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Open Access Publications from the University of California

Households’ Plug-in Hybrid Electric Vehicle Recharging Behavior: Observed variation in households’ use of a 5kWh blended PHEV-conversion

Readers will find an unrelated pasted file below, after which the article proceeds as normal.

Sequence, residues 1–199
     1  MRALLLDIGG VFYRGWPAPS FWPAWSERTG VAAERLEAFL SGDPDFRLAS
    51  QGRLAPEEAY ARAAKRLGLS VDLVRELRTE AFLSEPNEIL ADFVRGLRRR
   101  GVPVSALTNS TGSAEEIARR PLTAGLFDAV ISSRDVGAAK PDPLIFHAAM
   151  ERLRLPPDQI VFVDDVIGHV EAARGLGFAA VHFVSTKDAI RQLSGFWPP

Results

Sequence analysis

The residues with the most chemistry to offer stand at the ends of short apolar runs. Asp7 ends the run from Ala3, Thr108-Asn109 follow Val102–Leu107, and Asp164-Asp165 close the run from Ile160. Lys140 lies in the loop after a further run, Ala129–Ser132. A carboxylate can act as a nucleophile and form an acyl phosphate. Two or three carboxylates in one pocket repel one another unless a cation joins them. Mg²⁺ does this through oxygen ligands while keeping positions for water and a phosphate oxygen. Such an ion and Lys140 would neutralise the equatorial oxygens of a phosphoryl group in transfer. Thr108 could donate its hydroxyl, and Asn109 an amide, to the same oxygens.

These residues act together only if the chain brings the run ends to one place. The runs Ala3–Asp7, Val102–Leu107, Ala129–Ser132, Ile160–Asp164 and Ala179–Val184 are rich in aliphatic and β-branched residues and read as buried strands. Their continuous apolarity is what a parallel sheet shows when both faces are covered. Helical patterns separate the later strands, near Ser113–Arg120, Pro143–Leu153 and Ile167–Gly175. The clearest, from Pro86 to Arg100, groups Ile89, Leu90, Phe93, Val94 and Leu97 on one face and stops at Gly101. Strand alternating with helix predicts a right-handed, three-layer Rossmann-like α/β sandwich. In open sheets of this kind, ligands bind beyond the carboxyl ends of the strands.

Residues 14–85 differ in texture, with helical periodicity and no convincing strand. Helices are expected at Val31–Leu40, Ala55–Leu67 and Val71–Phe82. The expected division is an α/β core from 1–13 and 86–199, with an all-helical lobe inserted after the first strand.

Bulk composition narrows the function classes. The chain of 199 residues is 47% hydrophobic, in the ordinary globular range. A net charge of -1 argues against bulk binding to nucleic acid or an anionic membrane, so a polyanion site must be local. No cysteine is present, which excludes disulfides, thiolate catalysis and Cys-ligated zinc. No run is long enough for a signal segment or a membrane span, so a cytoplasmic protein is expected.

Plug-in hybrid electric vehicles (PHEVs), which run on both electricity from the grid and gasoline, are touted as providing some of the societal and environmental benefits of electric vehicles for a large portion of motorists’ daily travel, while also acting as a transitional technology toward fully electric vehicles. To test analysts’ assumptions about how PHEV users will recharge their vehicles, the observed recharging behaviors of forty households that participated in a PHEV demonstration in Northern California are reported. Recharging behavior is summarized across all households’ last week of their four-week PHEV trial period with regards to the time-of-day, frequency of plugging-in, and electricity demand to recharge the vehicles. While the means of the frequency distribution of plug-in events among demonstration households is similar to prior recharging assumptions made by analysts, the distributions are not symmetrical about the mean and there exists a large variation in both the average number of times households plugged-in per day and the average energy per plug-in event. Further, there is no strong correspondence between the number of daily plug-in events and total daily electricity demand. The range of behaviors reported here support the contention that the success of PHEVs in meeting energy and emissions goals relies on PHEV users’ recharging and driving behavior as much or more as on PHEV designs.

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